One of the things that is different from the HOWTO is the idmap configuration. The default idmap implementation does a simple mapping of SIDs to unix IDs… the first user that logs in will be 10000, the second 10001, etc. If the users log into another server in a different order, they’ll get different user ids. The rid backend provides a deterministic mapping, so it’s only important that the ranges are the same on each unix server. There is an ad backend that uses IDs stored in ActiveDirectory by SFU, if you’ve got that installed.
After modifying smb.conf, restart samba and winbind.
sudo /etc/init.d/winbind stop
sudo /etc/init.d/samba restart
sudo /etc/init.d/winbind start
Join the domain.
sudo net ads join -U <AD account>
Restart samba again. Run
wbinfo -u, and you should see a list of users from Active Directory. If not, something is broken.
/etc/nsswitch.conf and change the lines that look like this
to look like this
passwd: compat winbind
group: compat winbind
sudo getent passwd and you should see the normal /etc/passwd entries, followed by passwd entries for the domain users.
On Ubuntu 8.10, there’s a new auto-configuration tool for PAM, pam-auth-update. If you don’t have pam-auth-update, you should probably just modify your pam configuration as per the HOWTO, rather than using the following configuration for PAM.
If you’re using the new PAM, create the file /usr/share/pam-configs/winbind with the following contents:
Name: Active Directory via Winbind
[success=end default=ignore] pam_winbind.so krb5_auth krb5_ccache_type=FILE try_first_pass
[success=end default=ignore] pam_winbind.so krb5_auth krb5_ccache_type=FILE
[success=end default=ignore] pam_winbind.so
required pam_mkhomedir.so umask=0022 skel=/etc/skel
The krb5_auth options aren’t required, so leave them off if you have no use for kerberos.
sudo pam-auth-update to push the configuration to /etc/pam.d. Test that you can log in as a domain user (e.g.
ssh -l DOMAIN\\user localhost). Test that you can log in as a regular user.
Presumably, you’ll be basically ignoring your local passwd file from now on, so you’ll want the AD-backed users to be able to use sudo to do admin-ish things.
sudo vi sudoers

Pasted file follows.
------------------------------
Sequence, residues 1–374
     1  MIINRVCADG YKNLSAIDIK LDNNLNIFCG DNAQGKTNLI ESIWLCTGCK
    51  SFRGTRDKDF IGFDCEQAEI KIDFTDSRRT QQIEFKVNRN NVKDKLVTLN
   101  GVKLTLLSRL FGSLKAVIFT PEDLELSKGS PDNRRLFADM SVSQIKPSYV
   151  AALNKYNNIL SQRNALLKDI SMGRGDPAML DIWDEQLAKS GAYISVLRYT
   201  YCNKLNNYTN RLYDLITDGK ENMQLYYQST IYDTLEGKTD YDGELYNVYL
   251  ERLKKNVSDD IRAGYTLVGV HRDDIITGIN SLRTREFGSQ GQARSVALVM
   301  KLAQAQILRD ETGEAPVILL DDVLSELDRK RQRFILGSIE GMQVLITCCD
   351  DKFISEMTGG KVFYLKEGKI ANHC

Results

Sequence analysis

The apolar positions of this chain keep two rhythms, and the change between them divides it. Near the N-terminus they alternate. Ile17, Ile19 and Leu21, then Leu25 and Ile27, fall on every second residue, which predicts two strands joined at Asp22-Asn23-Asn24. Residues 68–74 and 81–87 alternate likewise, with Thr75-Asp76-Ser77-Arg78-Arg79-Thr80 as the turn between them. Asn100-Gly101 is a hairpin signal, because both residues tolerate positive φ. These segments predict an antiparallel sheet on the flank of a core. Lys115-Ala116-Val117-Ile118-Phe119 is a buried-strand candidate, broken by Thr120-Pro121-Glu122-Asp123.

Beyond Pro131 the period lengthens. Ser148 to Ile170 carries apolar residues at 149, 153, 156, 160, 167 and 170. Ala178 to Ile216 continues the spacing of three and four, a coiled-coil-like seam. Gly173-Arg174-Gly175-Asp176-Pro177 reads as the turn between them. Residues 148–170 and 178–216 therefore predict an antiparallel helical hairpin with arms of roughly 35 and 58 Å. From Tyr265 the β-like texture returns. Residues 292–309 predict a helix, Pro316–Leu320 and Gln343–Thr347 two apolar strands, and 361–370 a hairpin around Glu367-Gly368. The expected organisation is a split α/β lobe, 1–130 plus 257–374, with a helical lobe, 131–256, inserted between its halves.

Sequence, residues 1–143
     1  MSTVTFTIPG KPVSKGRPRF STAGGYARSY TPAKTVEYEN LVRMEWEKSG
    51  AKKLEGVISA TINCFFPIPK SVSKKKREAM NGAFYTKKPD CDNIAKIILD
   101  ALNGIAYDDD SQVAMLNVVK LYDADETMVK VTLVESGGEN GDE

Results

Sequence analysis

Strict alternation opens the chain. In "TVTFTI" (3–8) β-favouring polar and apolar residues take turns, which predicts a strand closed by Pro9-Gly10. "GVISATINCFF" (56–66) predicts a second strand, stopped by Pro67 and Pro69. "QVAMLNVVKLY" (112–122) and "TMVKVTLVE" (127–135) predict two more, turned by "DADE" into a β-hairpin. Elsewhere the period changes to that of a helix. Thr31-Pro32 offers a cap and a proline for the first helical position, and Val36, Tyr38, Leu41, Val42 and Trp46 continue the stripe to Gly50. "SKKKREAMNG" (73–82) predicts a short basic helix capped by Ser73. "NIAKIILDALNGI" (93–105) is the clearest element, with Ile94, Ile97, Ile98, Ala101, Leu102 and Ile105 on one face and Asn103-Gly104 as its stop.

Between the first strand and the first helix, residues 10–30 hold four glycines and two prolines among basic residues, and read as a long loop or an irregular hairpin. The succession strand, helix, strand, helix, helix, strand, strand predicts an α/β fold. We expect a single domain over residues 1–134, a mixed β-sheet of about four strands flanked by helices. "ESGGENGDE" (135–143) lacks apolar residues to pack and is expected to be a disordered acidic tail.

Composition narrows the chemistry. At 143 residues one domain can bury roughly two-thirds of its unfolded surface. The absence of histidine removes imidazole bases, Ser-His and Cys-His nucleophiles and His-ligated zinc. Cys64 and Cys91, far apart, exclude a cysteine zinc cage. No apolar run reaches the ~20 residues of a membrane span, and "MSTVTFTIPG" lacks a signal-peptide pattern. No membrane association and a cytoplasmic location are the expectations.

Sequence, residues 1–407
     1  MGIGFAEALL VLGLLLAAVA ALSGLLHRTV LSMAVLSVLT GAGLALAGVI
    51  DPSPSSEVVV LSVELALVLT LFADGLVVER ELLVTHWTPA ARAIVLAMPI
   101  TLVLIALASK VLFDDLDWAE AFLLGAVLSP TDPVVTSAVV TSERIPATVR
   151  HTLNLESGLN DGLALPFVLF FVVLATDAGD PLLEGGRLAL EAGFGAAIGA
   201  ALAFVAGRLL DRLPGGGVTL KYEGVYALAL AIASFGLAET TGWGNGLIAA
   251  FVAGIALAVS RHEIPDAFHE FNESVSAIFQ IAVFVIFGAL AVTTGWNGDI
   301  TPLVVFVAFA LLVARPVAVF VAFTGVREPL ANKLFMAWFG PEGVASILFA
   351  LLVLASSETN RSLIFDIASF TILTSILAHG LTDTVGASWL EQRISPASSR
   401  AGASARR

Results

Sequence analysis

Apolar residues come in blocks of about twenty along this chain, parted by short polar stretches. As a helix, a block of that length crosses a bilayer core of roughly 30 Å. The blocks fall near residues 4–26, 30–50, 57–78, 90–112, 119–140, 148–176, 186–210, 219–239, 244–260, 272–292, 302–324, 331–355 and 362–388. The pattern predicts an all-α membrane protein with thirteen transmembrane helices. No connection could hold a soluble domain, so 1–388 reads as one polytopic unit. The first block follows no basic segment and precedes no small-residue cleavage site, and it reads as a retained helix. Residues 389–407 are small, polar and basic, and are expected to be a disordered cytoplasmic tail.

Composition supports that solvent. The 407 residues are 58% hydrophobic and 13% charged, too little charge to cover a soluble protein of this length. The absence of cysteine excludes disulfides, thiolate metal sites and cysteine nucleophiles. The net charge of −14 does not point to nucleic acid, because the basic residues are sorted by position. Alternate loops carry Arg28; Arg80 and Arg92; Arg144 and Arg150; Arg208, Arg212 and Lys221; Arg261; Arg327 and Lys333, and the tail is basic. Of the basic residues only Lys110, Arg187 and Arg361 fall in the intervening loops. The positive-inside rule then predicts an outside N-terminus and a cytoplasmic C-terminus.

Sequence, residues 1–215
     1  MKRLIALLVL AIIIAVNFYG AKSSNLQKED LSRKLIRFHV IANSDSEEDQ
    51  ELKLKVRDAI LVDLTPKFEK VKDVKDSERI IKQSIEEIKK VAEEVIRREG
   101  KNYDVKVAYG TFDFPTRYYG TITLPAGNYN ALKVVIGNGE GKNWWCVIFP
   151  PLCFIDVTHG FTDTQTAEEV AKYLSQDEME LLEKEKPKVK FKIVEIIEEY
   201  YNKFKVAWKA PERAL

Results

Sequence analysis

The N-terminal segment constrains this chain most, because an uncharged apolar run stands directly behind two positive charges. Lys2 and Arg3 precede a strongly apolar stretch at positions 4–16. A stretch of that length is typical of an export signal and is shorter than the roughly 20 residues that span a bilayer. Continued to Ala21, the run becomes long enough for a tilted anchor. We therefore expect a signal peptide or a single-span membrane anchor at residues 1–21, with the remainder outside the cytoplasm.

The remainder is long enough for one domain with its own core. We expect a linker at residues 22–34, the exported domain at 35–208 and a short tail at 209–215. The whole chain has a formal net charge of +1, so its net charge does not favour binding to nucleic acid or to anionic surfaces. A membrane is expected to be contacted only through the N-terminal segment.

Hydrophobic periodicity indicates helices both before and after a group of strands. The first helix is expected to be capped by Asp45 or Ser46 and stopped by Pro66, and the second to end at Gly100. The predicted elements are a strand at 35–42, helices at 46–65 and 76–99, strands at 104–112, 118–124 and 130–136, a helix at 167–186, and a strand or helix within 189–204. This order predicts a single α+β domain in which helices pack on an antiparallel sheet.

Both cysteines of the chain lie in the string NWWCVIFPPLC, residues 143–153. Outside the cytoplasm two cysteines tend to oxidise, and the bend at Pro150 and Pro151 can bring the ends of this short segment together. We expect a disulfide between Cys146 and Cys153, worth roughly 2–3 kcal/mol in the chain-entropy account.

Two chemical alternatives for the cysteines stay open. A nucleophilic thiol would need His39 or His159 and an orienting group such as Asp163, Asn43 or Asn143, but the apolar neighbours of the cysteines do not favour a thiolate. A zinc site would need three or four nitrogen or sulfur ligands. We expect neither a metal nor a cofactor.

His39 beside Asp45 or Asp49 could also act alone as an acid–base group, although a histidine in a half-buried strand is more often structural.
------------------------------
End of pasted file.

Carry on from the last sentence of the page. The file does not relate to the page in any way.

Edit appropriately. For example, I added the following line.
%DOMAIN\\Domain\ Admins ALL=(ALL) ALL
Now you’re set up with AD accounts on Ubuntu 8.10. In the future, I’m planning to add a rails application with a SQL Server database behind it, so there may be more in the future for this post.
For a recent project, we built a rails application that accepted logins for two different classes of user. It was logically two applications, but since they both worked on the same domain model, we made them the same physical application, for simplicity.
One class of user was the customer of our client. These users were associated with their organization, so we used an “are you logged in?” type of authorization scheme, where any user in the organization could view and modify that organization’s information, but could view and modify no other organization’s information.
The second class of user was broadly termed “admin” users, and was basically people within our client’s company. These users had varying permissions, based on their roles in the company. Because they had varying authorities, we needed a better authorization system than “are you logged in?”
The system we came up with was fairly novel, though not as good as the easy role-based authorization that I read about yesterday. I thought I’d write it up anyways. The system was basically the same as any role-based permissioning system, but the things we decided to apply permissions to were actions.
So there were users, roles, and permissions. Users stored the usual stuff. User has_and_belongs_to_many roles. Roles have a name. Role has_and_belongs_to_many permissions. Permission has a controller and an action.